ETHICS IN SCIENCE Ethics in Science 


Ethics is the accommodation of the ³me´ with the ³them´ Ethics is the optimization of individual activity within Society 

The Ethical Question 

The ethical question is one of individual behavior with respect to the social structure An isolated person has no need for ethics 

Ethics is Utilitarian 

The ethical question asks,´does it work?´ 

³does it work´ implies pragmatism and utilitarianism; i.e.,is the ethical decision realistic and useful

Origin of ethics
Ethics arises out of competition between individual values within a society  Values are what is important to the individual  Groups have no values per se. The values of a group is a compromise taken over the values of group members 

Modern Values
Modern science, Modern art, and modern society arose when individual values were recognized as valid and not subservient to the group  Group science and group art is dreadful, political, and programmatic  Only individuals are creative. Society benefits from individual creativity 


during the pre-renaissance, the social structure, the church, or state claimed hegemony over the individual. Such things happen today in totalitarian states

Groups and Individuals 

Groups are not creative Groups provide resources Groups invest in individuals seeking a return on the investment both fiscally and culturally  

Individuals are seldom rewarded by the group in true proportion to their contribution  The group most of the time doesn¶t understand the investment and generally undervalues it and over values the group contribution 

Thomas Alva Edison¶s greatest invention was not the phonograph, or light bulb,or Edison effect (which he did not understand or appreciate) or the multiplexed stock ticker. His greatest contribution was the modern research organization  Edison founded General Electric and their famous Knolls laboratory 

Thomas Alva Edison

Modern Research Laboratory (MRL) 

MRL resembles the pre-renaissance world in that the individual is less important than the team Individual expression is suspect and subsumed by team expression Team player trumps the individual player MRL occurs both in the academic and business worlds


In opposition to the Edison model for Research is Entrepreneurship Entrepreneurship is an attempt by the individual to obtain a larger´piece of the pie´ 

Ethical Choices of the Scienctist
What is an ethical choice?  What is an ethical goal?  Can one have non-ethical choices and an ethical goal? This is Sophie¶s Choice  Can one have ethical choices and a non-ethical goal? Means justify the ends 

Sophie¶s Choice
Her choice, Sophie¶s choice given to her by a Nazi medical doctor was to choose which of her children dies in concentration camp gas chamber

Choice Definition
Choice is the path one takes to the goal  There are multiple paths  The are multiple goals some patent, some recondite  Ethical responsibility and choice are a canonical couple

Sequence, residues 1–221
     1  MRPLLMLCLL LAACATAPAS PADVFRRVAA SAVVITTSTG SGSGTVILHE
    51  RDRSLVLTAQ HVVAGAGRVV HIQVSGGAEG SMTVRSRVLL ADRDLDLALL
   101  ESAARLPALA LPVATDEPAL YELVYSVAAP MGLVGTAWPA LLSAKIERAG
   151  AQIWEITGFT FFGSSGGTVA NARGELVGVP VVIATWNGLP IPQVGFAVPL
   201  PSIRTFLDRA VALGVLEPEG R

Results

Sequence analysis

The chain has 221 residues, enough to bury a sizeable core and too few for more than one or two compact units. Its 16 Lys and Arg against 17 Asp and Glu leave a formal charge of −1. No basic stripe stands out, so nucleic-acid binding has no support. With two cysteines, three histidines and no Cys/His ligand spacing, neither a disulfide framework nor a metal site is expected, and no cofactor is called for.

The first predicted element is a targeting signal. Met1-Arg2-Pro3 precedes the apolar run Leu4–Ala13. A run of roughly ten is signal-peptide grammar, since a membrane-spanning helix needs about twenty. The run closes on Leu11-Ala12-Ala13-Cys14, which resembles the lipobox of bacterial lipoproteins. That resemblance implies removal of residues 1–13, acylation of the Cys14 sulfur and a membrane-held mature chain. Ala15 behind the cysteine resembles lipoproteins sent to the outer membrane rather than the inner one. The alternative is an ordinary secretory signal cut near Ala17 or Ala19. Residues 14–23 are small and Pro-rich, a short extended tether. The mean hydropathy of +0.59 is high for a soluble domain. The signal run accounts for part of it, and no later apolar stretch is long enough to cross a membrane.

Game of Choices



Ignorance of a Choice or Goal is no Excuse 

List and know all possible choices both ethical and non-ethical List and know consequences of Choice Know thy goal or goals List and know consequences of obtaining or not obtaining goal Make choice Take responsibility for choice

Limitation of free Choice 

Choices are limited by perception

If I see an armed man receiving money from another, am I perceiving a robbery or am I perceiving Brink¶s officer taking money off to a vault?  Taking action on the former perception especially If I¶m armed could be a disaster 

Ethics of Science
Below is a list of ethical guidelines  We shall take these guidelines and apply them to case histories  We shall examine the whether guidelines 

Work in a modern research laboratory


Honesty Careful experimental technique Non-manipulation treatment of data Continual development of knowledge and skills Willing to change hypothesis in face of new evidence Willing to challenge ones hypothesis through falsifiation Avoids intimidation, rhetoric, propaganda, and misrepresentation Does not appeal to authority


Recognizes the consequence of ones research Communicates through peer reviewed journals of meetings Need to unify disparate data Forms hypothesis consistent with existing body of knowledge Avoids conflict of interest Provides experimental details so work is reproducible by others skilled in the art Assigns credit where credit is due Does not falsify or manipulates data Does not plagiarize works of others or claims as own Socially aware

Application of Guidelines to MRL 

Most patents written today are not full or honest disclosures. SOP Many MRL¶s do not patent but keep information as trade secrets Claims form any drugs¶ effectiveness overstated; e.g., vitamins Often electronic products introduced into market with the intension to allow the end-user identify the ³bugs´ MRL makes little provisions for scientist to keep up with new knowledge

Application of Guidelines to MRL 

MRL are authority based MRL make few real world provisions to reward inventors Frequently inventions are appropriated by others allowing the court to decide ownership TB, Japan 80% of patents and publication are fabrications

Case histories 

You are a graduate student working or a leading astronomer. Your job is to use a sophisticated radio telescope the astronomer designed or observing variable radio sources in the universe. A ter several weeks o analyzing data, you realize you have discovered a totally new kind o star -- one that provides evidence or the origin o the universe. Your boss congratulates you or your ine work, writes a major report on it, and wins a Nobel Prize. What should you do?

Case histories
Being Scooped by Your Own Work 

You are a young scientist who recently sent a paper based on your research in adolescent anorexia to an important scienti ic journal to be considered or publication. As is the custom, the journal's editor sends the paper out or review to other experts in the ield. A ter several weeks he returns the paper to you, rejecting it because he claims that its reviewers ound that "it contains several major errors and misinterpretations." Then, several months later, in another journal you ind an article containing data almost identical to your own, and using sentences and descriptions similar to yours. What should you do?

Case histories A "Doctored" Doctorate? 

You are a graduate student working on a Ph.D. in chemistry at a prestigious university. A good riend o yours who is a graduate student in the same lab reveals to you that he hasn't done all the experiments he said he did, and that a substantial part o his data has been doctored to make it look like it is based on original work. What should you do?

Case histories Preempting Theft